Market Basket has been the region’s standout success for grocery stores in the past several years, expanding and adding new stores as many competitors shrank. Lambert said he had seen the difference in operations and pointed to Hudson, where a new Stop & Shop was built across the street from an existing Market Basket, only to shut within a few years.

“I’d go to the Stop & Shop twice a week, deliver 50 cases of beer. I’d go to the Market Basket twice a week with a whole truckload - 1,200, 1,400 cases each time,” he said.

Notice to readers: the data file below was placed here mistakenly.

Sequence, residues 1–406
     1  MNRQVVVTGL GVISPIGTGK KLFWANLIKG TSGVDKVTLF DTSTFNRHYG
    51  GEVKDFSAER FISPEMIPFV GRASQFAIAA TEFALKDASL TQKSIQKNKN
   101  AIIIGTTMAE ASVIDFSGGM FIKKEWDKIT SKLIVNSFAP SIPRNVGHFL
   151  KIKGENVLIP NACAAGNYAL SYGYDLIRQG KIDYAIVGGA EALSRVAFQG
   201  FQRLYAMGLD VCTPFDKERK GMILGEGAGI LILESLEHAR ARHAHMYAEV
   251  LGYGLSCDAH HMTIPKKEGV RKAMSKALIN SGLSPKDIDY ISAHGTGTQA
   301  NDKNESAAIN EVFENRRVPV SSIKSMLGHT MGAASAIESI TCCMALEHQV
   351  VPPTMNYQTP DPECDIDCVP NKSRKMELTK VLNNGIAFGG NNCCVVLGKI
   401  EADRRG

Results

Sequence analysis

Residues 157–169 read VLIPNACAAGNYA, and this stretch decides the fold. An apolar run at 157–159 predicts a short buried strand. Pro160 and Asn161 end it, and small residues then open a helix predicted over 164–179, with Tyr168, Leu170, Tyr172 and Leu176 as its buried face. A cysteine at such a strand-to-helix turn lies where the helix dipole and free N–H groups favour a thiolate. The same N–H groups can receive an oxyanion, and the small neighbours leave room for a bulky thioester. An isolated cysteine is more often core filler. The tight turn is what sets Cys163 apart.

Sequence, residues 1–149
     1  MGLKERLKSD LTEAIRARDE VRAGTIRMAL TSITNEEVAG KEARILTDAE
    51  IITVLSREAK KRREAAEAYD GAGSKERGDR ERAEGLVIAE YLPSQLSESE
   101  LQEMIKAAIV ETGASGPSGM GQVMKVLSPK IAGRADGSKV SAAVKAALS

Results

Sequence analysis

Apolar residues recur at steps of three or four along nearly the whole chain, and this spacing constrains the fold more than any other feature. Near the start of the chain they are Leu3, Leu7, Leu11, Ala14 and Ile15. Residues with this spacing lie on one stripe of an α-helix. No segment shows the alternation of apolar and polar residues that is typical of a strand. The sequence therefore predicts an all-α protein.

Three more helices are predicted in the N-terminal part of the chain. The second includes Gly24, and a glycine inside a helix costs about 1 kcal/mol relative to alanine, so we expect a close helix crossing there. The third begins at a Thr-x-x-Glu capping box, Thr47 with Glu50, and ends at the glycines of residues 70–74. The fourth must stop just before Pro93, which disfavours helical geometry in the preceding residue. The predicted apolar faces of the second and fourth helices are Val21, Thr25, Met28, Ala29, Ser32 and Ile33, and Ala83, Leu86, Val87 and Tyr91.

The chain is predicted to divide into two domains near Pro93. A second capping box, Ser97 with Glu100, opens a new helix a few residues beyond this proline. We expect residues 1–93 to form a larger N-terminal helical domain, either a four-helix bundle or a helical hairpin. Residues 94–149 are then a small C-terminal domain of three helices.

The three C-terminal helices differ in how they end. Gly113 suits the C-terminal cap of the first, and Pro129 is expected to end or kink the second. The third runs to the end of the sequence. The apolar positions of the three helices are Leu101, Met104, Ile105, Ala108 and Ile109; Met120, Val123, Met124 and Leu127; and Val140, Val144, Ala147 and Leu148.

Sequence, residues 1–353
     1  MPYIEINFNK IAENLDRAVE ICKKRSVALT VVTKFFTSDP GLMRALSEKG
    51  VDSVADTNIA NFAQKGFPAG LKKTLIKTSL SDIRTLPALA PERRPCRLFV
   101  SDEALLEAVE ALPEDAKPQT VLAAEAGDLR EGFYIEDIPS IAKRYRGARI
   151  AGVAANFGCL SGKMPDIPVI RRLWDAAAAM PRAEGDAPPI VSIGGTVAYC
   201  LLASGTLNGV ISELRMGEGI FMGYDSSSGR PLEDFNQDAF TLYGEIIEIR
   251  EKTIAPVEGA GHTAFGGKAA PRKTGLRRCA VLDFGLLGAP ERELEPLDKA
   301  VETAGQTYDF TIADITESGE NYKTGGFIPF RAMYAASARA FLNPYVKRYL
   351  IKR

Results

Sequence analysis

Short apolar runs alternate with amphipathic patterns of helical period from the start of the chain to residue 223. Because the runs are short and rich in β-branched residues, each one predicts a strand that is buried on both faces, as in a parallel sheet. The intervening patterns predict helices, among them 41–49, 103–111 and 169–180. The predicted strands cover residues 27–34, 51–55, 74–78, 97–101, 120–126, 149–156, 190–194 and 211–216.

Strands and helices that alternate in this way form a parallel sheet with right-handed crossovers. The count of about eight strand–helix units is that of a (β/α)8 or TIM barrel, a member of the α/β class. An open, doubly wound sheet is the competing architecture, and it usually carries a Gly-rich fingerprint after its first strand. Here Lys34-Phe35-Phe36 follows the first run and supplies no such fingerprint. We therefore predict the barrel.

Nearby, a long-time Market Basket shopper who asked only to be identified as “Joyce from Boston” said the news was upsetting.

“It seems like they’re always fighting,” she said of the Demoulas family. “It’s very off-putting.”

But, she added, so far at least the family battles haven’t raised the store’s prices or affected its service, which is why she shops there.

The battle between the two cousins and their allies dates back to the 1990s when the heirs of the two brothers who ran the operation, George and Telemachus Demoulas, began the first of many court fights over finances. The results was a court-ordered balance of the board of directors between the sons of each brother – Arthur T. Demoulas and Arthur S. Demoulas– that didn’t stop the legal battles.

Arthur S. and his supporters say Arthur T. ignores the board of directors and has made it possible for his family to be involved in some questionable deals.